An Australian-led team of researchers has found that Malaysian Airlines Flight 370 used a flight stick used in the crash of MH370 to track its own flight track.
Malaysia Airlines Flight MH370 was carrying 239 people when it crashed into the southern Indian Ocean in March 2014.
The team, led by the University of Sydney, analysed the wreckage of MH 370 and used a remote-controlled X-ray aircraft to determine the precise location of the flight control system, the aircraft’s flight trackers and the airframe that powered the cockpit voice recorder, among other factors.
The team also used software to determine where the flight-control system would have gone if the aircraft had gone back.
Aircrafts are usually equipped with flight control systems that allow pilots to control the plane remotely.
The researchers were able to determine that the flight tracker’s tracking software was able to pinpoint the exact location of MH-370’s flight-data recorder, which is the only way to reconstruct the final moments of the jetliner’s final hours before it vanished.
“The technology has the potential to improve search efforts and enable new investigations into the disappearance of MH914 and MH370,” Dr Ben Wyatt, one of the authors of the paper, told The Wall St Journal.
The new analysis, which was published in the journal Proceedings of the National Academy of Sciences, suggests that the aircraft was using the Flight Stick, which consists of a metal and glass device that contains the flight data recorder, to track the flight path of MH 777.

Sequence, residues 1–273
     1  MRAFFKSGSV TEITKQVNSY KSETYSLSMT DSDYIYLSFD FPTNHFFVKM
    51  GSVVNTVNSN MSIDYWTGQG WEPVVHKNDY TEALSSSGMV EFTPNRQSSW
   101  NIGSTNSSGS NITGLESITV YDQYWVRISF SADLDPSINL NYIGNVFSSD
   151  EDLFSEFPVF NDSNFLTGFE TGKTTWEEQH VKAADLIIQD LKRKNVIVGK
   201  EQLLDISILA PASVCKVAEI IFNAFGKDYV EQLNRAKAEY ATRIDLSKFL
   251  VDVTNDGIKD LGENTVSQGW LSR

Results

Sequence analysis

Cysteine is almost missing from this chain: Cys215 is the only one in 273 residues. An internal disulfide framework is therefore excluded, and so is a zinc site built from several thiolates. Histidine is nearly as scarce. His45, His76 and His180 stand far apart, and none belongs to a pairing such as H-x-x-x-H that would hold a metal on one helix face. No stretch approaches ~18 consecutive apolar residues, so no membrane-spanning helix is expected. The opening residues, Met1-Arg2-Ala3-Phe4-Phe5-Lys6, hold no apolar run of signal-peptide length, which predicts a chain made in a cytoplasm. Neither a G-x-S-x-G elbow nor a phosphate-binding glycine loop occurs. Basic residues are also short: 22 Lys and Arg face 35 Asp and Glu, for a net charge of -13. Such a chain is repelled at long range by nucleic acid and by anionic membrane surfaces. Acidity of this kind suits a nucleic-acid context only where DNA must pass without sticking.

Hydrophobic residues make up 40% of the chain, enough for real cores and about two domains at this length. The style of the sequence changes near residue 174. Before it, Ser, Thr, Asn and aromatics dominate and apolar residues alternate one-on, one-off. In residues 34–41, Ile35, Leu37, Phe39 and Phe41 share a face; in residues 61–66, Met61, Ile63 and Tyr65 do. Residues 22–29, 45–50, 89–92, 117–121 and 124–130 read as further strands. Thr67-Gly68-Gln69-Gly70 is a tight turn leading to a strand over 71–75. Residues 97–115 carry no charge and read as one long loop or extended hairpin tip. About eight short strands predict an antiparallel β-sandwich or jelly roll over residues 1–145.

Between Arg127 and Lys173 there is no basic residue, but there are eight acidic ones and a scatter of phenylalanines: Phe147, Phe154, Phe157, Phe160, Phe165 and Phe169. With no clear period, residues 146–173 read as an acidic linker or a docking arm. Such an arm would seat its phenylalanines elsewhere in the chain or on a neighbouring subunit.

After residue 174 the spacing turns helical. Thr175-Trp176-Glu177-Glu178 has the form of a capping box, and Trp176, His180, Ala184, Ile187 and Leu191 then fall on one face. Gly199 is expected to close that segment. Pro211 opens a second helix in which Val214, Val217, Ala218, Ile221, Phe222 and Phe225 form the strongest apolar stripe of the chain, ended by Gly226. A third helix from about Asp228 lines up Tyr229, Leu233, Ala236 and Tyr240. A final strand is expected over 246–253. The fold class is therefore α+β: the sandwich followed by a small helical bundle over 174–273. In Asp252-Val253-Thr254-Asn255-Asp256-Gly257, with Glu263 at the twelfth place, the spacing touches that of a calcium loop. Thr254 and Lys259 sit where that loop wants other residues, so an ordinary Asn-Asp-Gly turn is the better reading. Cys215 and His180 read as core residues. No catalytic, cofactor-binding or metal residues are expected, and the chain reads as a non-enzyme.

The flight-trackers use radio signals to determine which direction the aircraft is travelling.
In the past, the devices were used in search-and-rescue operations, and the plane was last tracked down in March last year.
But experts have questioned whether the new analysis is sufficient to help identify the plane’s exact location.
Malay Airlines has repeatedly insisted that the plane went back in the exact same direction that it went before it went down, but experts have said that would have taken the aircraft into the Southern Indian Ocean, which has a depth of around 3,000 metres.
In March this year, the Malaysian Transport Minister said the plane had gone into the South China Sea, and a US official has said the government is planning to fly a military aircraft in that direction.
The Malaysian government said on Wednesday that it would not confirm that the investigation is over.
Malayan Transport Minister Datuk Seri Liow Tiong Lai said on Tuesday that the government had completed the search for MH370, but said it would be difficult to prove its exact location, since the plane has been extensively surveyed.
Malaysian authorities said the aircrafts flight data recorders were found in a remote area of the Southern Ocean.